UNITED STATES DISTRICT COURT CENTRAL DISTRICT OF CALIFORNIA
October 25, 2011
JAVIER MALDONADO PEREZ
The opinion of the court was delivered by: Hon. Andrew J. Wistrich, U.S. Magistrate Judge
Deputy Clerk Court Reporter
ATTORNEYS PRESENT FOR PLAINTIFFS: ATTORNEYS PRESENT FOR DEFENDANTS:
ORDER TO SHOW CAUSE WHY PETITION SHOULD NOT BE DISMISSED AS UNTIMELY
Petitioner filed this petition for a writ of habeas corpus on September *fn1
From the face of the petition, it appears that it is barred by the one-year period of limitation set forth in the AEDPA. 28 U.S.C. § 2244(d)(1). According to the petition, petitioner was convicted in 2005. [Petition at 1]. The California Court of Appeal affirmed his conviction on September 29, 2006. [Petition at 2]. Although petitioner alleges that he filed a petition for review in the California Supreme Court, he indicates that he does not know the number of that case, or the date of the court's decision, and reference to the California Supreme Court's docket does not reflect that any such petition was filed. [See Petition at 2; appellatecases.courtinfo.ca.gov]. Thus, it appears that petitioner's conviction became final in November 2006. Consequently, petitioner had one year -- or until November 2007 -- to file a federal petition. See Patterson v. Stewart, 251 F.3d 1243, 1245-1246 (9th Cir.), cert. denied, 534 U.S. 978 (2001); Miles v. Prunty, 187 F.3d 1104, 1105 (9th Cir. 1999); Calderon v. United States District Court (Beeler), 128 F.3d 1283, 1287 (9th Cir. 1997), cert. denied, 522 U.S. 1099 & 523 U.S. 1061 (1998), overruled on other grounds by Calderon v. United States District Court (Kelly), 163 F.3d 530 (9th Cir. 1998)(en banc), cert. , 526 U.S. 1060 (1999).
This petition was not filed until September 30, 2011, nearly four years after the limitation period expired. Thus, absent grounds for statutory, 28 U.S.C. § 2244(d)(1) and (2), or equitable tolling of the limitation period, the petition is time-barred.
It does not appear that petitioner filed any state habeas petitions during the relevant period. Although petitioner filed habeas petitions in state court, it is not clear that the first such petition was filed prior to the expiration of the limitation period. Therefore, it is likely that petitioner's state habeas petitions do not toll the already-expired limitation period. See Ferguson v. Palmateer, 321 F.3d 820, 823 (9th Cir.) ("section 2244(d) does not permit the reinitiation of the limitations period that has ended before the state petition was filed"), cert. denied, 540 U.S. 924 (2003).
Even assuming that petitioner did file his first state petition before the expiration of the limitation period, the docket of the California Supreme Court reveals that the last habeas petition was denied on March 11, 2009. Even if the limitation period were tolled until that date, this petition still would be untimely, because it was not filed for more than two years after that date.
Furthermore, petitioner has not provided an adequate explanation for the lengthy delay in filing his federal habeas petition which might entitle him to equitable tolling of the one year statute of limitation. The Supreme Court explained that "a litigant seeking equitable tolling bears the burden of establishing two elements: (1) that he has been pursuing his rights diligently, and (2) that some extraordinary circumstance stood in his way." Pace v. DiGuglielmo, 544 U.S. 408, 418 & n.8 (2005). "In this circuit, equitable tolling of the filing deadline for a habeas petition is available 'only if extraordinary circumstances beyond a prisoner's control make it impossible to file a petition on time.'" Lott v. Mueller, 304 F.3d 918, 924 (9th Cir. 2002) (citing Miles v. Prunty, 187 F.3d 1104, 1107 (9th Cir. 1999)(quoting Kelly, 163 F.3d at 541)). Equitable tolling may be appropriate when "external forces, rather than a petitioner's lack of diligence, account for the failure to file a timely claim." Lott, 304 F.3d at 925(citation omitted).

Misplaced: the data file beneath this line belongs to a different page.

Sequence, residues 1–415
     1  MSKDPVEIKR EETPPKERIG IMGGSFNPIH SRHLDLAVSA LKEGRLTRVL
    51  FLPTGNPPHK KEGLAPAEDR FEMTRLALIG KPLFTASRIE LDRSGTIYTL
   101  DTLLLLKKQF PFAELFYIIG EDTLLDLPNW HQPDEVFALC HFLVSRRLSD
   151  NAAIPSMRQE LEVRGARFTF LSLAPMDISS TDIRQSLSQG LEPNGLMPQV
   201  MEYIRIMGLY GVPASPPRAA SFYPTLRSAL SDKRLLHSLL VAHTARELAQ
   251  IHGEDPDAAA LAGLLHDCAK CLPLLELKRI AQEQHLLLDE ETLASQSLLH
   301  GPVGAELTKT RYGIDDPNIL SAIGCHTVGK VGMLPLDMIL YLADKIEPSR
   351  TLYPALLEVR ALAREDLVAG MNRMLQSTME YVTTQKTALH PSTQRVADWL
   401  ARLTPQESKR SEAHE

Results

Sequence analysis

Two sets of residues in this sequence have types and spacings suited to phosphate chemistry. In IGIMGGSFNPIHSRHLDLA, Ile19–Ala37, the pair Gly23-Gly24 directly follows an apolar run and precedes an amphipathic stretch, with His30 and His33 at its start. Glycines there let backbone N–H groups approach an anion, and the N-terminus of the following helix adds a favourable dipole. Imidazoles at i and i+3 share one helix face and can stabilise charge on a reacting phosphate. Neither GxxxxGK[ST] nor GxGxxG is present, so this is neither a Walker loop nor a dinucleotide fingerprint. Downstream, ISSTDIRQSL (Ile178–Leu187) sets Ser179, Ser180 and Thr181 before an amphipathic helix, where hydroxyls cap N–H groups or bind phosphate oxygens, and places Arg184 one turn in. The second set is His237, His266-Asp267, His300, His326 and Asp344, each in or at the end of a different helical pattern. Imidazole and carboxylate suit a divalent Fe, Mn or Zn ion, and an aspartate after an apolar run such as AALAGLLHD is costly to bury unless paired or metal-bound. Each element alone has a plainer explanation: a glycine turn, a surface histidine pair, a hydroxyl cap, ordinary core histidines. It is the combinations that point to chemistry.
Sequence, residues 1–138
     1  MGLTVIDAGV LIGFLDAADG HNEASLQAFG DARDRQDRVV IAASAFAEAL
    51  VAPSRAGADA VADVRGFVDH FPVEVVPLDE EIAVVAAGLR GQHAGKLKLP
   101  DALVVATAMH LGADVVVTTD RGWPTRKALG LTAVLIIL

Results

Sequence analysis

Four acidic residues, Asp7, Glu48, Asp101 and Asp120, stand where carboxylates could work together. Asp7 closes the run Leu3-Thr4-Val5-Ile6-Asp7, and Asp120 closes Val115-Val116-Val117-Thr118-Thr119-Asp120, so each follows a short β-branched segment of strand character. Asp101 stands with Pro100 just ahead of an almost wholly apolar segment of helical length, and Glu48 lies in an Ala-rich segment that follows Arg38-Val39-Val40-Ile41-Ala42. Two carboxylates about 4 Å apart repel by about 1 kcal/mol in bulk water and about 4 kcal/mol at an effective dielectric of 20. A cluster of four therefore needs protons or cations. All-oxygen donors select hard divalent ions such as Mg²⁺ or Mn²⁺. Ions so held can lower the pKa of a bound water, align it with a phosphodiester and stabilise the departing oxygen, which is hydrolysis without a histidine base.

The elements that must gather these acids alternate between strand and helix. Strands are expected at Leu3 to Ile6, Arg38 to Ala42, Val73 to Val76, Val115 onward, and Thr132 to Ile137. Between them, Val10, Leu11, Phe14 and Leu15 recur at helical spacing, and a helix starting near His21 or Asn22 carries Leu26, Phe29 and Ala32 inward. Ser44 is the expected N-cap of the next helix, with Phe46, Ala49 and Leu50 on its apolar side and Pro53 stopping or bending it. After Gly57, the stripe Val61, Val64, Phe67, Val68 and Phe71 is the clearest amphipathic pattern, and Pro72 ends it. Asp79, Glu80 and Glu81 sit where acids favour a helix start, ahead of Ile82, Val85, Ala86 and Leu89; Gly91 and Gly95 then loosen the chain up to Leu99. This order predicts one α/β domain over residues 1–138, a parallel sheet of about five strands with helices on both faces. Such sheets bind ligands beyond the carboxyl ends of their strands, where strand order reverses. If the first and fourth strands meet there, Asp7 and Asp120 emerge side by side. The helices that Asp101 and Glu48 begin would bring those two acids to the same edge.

Petitioner shall show cause why the petition should not be dismissed as untimely by filing a response to this order within twenty-eight (28) days of the date of this order. In the response to this order, petitioner shall make clear the dates on which any state petition was filed and shall, if possible, attach copies of any state petition and the state court's decision addressing each petition. All facts relied upon by petitioner must be proved by testimony contained in a declaration signed under penalty of perjury, see 28 U.S.C. §1746, or in properly authenticated documents. Petitioner must describe specifically the nature and duration of any extraordinary circumstances and their consequences in a declaration signed by him under penalty of perjury.
Petitioner shall also include with his response properly authenticated prison records or documents which demonstrate any circumstance which petitioner believes impeded his ability to timely file his petition.
Petitioner's failure to timely file a response to this order may result in the dismissal of his petition.
IT IS SO ORDERED.
MINUTES FORM 11 Initials of Deputy Clerk